Recovery process varies with different dogs. With some dogs, it may take longer and with some others, lesser. Recovery could be as quick as few days or take as long as two to three weeks. However short or long it takes for your dog to recover fully, a second visit to your vet would be advised, after a few days.
This is only a precautionary measure, to ensure that your dog is actually recovering fine and there is no other issue arising in the process.
Vestibular disease is not a fatal condition in dogs and can often be clear up on its own within couple of weeks. A veterinary doctor is most likely to tell you to wait and see, since it can clear up itself and should be gone within two weeks, without treatment.
In severe cases where it does not clear up after the stipulated period of time, the et begins to prescribe and administer medications and treatments to your dog. Fortunately, the vestibular disease is not painful or life-threatening, even though it may cause some form of discomfort to your dog.
What Are The Signs Of A Stroke In A Dog?
Head tilt, imbalance, circling, moving in the wrong direction, abnormal rapid eye movements, vomiting, falling over, severe weakness, limb paralysis and a few others alike are common signs and symptoms that a dog is suffering from a stroke.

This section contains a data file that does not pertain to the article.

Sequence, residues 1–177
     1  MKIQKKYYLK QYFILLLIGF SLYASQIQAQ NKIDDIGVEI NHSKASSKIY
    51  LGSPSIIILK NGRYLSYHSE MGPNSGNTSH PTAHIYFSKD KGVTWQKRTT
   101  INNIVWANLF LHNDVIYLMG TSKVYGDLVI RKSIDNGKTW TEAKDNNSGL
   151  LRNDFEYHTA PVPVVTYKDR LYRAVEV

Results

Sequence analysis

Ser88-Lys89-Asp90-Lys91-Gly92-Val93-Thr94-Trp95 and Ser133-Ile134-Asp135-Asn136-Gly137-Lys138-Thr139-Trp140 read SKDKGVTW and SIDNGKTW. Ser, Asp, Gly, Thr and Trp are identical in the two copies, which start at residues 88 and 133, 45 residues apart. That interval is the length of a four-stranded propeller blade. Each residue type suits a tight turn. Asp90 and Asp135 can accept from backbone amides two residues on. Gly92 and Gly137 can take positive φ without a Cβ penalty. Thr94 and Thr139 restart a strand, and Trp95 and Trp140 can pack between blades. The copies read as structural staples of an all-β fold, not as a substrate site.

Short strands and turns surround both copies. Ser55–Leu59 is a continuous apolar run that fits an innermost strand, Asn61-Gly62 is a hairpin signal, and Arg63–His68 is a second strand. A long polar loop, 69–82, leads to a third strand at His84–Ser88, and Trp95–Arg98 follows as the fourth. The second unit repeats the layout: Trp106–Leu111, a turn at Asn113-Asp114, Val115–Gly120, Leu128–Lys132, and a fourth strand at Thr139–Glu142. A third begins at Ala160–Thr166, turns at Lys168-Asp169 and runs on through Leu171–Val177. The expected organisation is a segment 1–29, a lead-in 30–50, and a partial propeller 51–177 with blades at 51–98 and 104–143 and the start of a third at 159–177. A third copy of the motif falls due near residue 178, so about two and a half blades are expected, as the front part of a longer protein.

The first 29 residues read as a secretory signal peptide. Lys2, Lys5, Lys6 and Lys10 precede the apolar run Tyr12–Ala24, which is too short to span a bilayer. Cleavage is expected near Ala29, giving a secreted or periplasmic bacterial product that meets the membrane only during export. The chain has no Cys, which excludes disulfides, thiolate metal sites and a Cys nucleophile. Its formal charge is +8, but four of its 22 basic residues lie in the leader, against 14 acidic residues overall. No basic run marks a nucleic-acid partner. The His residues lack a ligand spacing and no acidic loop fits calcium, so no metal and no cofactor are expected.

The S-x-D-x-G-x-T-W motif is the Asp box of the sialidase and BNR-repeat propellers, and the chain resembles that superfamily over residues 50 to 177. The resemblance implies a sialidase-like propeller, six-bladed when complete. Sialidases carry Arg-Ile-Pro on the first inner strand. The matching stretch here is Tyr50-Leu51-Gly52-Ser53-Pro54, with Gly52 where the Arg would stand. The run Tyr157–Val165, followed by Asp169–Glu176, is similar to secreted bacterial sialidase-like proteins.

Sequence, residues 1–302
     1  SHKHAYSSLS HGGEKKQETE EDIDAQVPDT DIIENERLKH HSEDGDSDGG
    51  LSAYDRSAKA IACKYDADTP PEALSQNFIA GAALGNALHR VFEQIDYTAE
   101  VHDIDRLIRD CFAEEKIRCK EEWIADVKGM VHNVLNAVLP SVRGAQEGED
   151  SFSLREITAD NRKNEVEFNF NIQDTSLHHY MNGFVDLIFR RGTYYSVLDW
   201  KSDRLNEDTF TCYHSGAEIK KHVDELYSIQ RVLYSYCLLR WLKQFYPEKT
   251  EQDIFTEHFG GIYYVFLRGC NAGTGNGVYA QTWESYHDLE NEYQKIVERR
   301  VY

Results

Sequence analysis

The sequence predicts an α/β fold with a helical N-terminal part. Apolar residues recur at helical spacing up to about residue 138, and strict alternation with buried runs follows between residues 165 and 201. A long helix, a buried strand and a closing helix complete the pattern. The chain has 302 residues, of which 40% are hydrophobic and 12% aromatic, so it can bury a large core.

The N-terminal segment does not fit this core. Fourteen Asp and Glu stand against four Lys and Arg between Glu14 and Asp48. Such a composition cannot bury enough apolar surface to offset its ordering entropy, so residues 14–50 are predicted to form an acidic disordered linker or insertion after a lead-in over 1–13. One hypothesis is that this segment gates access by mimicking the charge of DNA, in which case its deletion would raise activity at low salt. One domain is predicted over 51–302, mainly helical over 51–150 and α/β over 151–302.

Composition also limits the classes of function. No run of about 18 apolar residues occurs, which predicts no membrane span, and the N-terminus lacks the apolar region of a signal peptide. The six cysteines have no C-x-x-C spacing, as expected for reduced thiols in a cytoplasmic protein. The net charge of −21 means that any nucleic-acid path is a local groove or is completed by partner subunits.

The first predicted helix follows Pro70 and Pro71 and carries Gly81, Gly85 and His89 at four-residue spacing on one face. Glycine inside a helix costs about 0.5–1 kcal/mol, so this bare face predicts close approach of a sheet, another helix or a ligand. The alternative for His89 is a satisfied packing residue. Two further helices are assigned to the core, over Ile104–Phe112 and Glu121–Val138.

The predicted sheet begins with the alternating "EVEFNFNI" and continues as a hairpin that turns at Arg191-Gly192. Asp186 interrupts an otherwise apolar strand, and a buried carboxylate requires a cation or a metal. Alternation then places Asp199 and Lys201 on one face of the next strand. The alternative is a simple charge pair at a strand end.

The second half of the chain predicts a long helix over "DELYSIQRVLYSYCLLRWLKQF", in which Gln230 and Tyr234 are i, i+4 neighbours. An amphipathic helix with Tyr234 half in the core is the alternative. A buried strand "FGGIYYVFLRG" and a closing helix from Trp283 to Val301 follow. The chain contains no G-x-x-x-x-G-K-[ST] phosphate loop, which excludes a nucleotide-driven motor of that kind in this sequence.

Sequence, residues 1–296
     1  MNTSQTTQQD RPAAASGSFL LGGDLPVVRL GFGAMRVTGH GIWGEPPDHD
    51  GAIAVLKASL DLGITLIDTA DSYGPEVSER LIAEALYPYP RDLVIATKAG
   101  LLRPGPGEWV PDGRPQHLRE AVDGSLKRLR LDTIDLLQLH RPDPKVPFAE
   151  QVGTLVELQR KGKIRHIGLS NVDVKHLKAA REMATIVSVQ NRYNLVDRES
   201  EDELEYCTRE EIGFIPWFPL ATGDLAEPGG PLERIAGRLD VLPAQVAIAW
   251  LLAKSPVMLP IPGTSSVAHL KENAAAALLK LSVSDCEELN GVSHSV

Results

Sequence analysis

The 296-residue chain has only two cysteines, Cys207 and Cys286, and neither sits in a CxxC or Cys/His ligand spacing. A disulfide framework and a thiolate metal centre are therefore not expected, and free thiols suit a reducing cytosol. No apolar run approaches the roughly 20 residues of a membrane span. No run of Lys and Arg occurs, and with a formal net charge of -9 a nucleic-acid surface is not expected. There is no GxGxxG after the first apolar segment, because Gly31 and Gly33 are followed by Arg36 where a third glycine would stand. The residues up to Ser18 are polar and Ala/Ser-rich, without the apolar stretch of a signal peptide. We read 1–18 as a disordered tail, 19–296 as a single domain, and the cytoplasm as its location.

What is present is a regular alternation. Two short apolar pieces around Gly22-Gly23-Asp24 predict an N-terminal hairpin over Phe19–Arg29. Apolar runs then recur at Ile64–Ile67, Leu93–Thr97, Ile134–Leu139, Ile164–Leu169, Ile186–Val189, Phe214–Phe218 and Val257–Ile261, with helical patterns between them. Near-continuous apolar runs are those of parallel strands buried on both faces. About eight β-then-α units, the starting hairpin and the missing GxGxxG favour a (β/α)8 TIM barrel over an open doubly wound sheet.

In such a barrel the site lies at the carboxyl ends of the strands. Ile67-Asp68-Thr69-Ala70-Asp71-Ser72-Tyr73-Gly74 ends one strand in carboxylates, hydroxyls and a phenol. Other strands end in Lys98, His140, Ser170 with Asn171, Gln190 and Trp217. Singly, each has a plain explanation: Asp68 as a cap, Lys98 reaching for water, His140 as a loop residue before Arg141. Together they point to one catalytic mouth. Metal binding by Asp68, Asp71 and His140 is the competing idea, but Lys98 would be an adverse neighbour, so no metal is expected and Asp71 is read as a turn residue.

As you must have noticed, these signs and symptoms are very similar to those of the vestibular disease. A few other conditions can trigger equally similar signs and symptoms. It is important to note this since there is a chance that your dog is actually not suffering from a stroke but some other condition.
Your dog could be displaying a drunken, disoriented, uncoordinated attitude for different reasons. These reasons could be as minor as the vestibular syndrome or severe and life-threatening as poisoning or a stroke. Resist taking your dog’s uncoordinated, disoriented demeanor lightly.
There is a need to monitor and keep close tabs on your dog’s symptoms. Once you notice your dog showing off the signs and symptoms discussed in this article, ensure to consult your veterinary doctor so that your dog can be tested and treated while the condition is still in its early stage.
Your vet will carry out tests and examinations to determine if your dog’s symptoms have a different cause than the obvious.
Ignoring these symptoms might give it time to deteriorate and graduate into a more severe condition than it started out as. While at it, make sure to keep your dog as comfortable as possible and introduce core exercises to improve your dog’s abdominal strength. This will aid quicker recovery.